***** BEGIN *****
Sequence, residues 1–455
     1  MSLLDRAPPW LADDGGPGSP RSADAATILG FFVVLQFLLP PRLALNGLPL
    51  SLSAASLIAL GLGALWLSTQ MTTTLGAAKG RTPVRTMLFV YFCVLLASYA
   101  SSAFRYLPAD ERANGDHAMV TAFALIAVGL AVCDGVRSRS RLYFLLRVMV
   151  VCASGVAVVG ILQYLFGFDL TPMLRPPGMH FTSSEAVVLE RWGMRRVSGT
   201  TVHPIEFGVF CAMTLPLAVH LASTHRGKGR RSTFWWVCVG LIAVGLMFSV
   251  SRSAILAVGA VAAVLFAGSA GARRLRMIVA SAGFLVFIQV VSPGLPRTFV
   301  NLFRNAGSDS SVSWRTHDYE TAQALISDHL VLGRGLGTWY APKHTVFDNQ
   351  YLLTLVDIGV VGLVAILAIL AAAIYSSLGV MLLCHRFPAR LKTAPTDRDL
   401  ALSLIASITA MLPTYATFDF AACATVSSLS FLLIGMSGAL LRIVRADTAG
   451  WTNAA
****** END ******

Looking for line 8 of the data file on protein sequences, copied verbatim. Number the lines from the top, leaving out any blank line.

   301  NLFRNAGSDS SVSWRTHDYE TAQALISDHL VLGRGLGTWY APKHTVFDNQ